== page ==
The Springwatch guide to UK nature spotting

Wildlife experts Michaela Strachan, Martin Hughes-Games, Chris Packham and Iolo Williams reveal their top spots for species watching in Britain...

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BBC2’s seasonal exploration of British wildlife is in full swing (Mon-Thurs, 8pm), and in the upcoming programmes the presenters will uncover the aerial world of the swift, wild beavers in Devon and our island’s fascinating marine wildlife. If you feel inspired by what you see on screen, here’s how and where to do some nature spotting of your own around the UK…

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Farne Islands, Northumberland
Northumberland is an amazing place for breeding birds,” explains Michaela Strachan. “One of my favourite birds is the puffin, which you can see there in great numbers. I went there years and years ago and it’s a lasting memory for me. It’s one of those real spectacles that you can go and see. You get these nesting terns that you have to duck from, because they come and whack you on the head because they are protecting their nests.”


The Isle of Man
“I go here every year for the motorbike racing, it’s also fantastic for wildlife,” says Martin Hughes-Games. “They have a bird called a chough there, which looks like a jackdaw with a blood-red beak and blood-red legs. They are fantastically acrobatic. There’s a place called the chasms which are these great rocks that dive down to thundering seas beneath. You stand there and you get chough flying all around you. There are seals, there’s a hen harrier roost, there’s an amazing cormorant nesting site and there’s even wallabies there. It’s the largest breeding colony of wallabies in the UK – it’s very exciting.”


“It’s an area of the River Spey that meanders down. It’s a fantastic place for all different kinds of breeding waders – you’ve got snipe and all kinds of birds here,” explains Iolo Williams. “If you know where to go, you can see pine marten, and if you are really lucky you’ve got wild cats. On the high tops there are golden eagles and white-tailed eagles moving across. In other areas there are hen harriers, merlin and short-eared owl. It’s a huge, vast area.”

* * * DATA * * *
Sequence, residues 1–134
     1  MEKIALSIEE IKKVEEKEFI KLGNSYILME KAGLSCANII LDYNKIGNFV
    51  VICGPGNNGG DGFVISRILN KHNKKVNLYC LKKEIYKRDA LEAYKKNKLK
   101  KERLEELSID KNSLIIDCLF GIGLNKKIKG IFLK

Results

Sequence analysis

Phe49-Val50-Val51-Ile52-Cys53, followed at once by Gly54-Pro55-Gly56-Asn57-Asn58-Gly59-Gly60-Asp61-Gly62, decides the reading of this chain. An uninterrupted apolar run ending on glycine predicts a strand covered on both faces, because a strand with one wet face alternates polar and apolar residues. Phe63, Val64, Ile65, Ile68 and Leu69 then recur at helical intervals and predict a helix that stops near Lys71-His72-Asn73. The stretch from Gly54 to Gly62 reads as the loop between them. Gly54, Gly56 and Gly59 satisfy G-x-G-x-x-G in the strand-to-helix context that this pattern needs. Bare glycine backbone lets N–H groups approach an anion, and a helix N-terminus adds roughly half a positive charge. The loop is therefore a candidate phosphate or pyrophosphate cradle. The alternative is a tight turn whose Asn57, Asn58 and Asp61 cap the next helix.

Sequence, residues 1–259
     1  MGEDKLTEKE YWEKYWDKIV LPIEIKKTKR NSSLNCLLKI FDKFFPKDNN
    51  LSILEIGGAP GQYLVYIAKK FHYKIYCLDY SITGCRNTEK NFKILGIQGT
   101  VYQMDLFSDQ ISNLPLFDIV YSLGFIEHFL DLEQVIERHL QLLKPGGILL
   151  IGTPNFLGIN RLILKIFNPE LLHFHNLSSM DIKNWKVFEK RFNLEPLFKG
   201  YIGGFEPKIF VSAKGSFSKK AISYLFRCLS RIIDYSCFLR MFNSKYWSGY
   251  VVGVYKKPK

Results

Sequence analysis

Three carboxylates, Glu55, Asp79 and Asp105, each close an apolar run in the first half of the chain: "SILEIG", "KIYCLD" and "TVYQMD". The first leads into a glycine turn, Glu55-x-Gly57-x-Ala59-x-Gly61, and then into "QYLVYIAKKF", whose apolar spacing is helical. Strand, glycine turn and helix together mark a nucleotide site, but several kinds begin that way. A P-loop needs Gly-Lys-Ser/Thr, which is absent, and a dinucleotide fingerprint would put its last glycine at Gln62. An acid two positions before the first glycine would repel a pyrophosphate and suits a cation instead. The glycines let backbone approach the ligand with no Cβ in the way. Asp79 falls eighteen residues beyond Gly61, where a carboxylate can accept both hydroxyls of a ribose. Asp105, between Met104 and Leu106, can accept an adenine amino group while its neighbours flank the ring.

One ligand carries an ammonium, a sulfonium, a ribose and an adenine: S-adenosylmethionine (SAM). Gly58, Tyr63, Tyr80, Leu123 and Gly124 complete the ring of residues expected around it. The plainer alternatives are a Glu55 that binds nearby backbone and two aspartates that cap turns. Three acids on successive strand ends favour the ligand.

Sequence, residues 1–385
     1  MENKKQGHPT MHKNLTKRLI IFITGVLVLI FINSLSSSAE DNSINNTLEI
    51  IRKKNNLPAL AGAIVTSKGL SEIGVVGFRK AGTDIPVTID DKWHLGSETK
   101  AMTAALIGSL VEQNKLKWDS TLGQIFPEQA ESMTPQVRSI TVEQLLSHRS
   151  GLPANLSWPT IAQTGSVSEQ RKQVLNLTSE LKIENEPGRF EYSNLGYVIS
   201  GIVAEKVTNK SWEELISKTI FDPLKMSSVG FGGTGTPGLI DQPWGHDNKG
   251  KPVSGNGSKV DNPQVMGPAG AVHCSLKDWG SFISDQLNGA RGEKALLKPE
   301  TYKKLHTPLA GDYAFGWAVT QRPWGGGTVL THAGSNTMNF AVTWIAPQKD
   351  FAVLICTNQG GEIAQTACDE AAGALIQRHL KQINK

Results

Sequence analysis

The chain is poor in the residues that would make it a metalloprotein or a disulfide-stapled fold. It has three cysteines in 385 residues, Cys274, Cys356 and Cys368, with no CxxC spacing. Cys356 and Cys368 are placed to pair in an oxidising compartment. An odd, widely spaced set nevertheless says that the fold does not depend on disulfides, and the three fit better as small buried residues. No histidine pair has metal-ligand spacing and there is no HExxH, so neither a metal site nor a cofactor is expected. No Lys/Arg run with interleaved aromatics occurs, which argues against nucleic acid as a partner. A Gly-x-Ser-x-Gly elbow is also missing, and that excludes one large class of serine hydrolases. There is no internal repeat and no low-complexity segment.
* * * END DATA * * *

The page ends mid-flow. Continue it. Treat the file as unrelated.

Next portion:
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Isles of Scilly
“If you are going to have fun on the Scillies, you need to be on your knees,” laughs Hughes-Games. “A lot of the things on the Scillies are quite small; there are three different species of stick insects there. It has exotic plant life, colours and turquoise sea. You can also go diving with seals and there are fantastic migrating birds.”


Minsmere, Suffolk
“It’s one of the best places to see a rich diversity of wildlife, particularly if you are into your birds,” reveals Strachan. “You can sit in a hide and watch bitterns. For anyone living in the area, it’s incredibly accessible. If you don’t live in the area, come down for the weekend.”

Skomer Island, Wales
“Off the coast of Pembrokeshire, you have a very good chance of seeing porpoises and dolphins,” says Williams. “When you land you are hit by this cacophony of noises. There are 6,500 puffins there, thousands of guillemots and razorbills, and owls. In May the island is carpeted in red campion and blue bells, it’s a beautiful place. If you dive below the sea there, you’ve got over 20 species of sea slugs, an array of lobsters, spiders, seaweed, rose corals and all kinds of incredible wildlife.”


Dungeness, Kent
“It’s a large shingle spit forming over hundreds of years, with a series of ridges,” explains Chris Packham. “There’s a nuclear power station there and a number of strange properties that have been built out on the shingle… it’s got a really quirky quality. It strikes me as a beautiful place, the sparse landscape, the minimal quality of it; I find it an easy place to be. Wildlife-wise it’s great. There’s an RSPB reserve – it’s on the south coast, so it gets a large number of migrant birds. The shingle spit has some specialist woodlouse species; they’ve got medicinal leeches in the lakes.”


New Forest, Hampshire
“I like the New Forest, it’s the largest piece of sandy lowland heath that we have,” says Packham. “It’s an open hot habitat, close to continental Europe. It’s got things like smooth snake and sand lizard, both reptile species that need heat. It’s always been the home of the Dartford warbler, a species that’s spread out over many other heathlands now. It’s got a lot of ancient woodland as well, home to the lesser spotted woodpecker, honey buzzard, hawfinches and a lot of deer. It has great access and everyone can come and enjoy it. It’s a fantastic resource.

Watch Springwatch today at 8pm, on BBC2.


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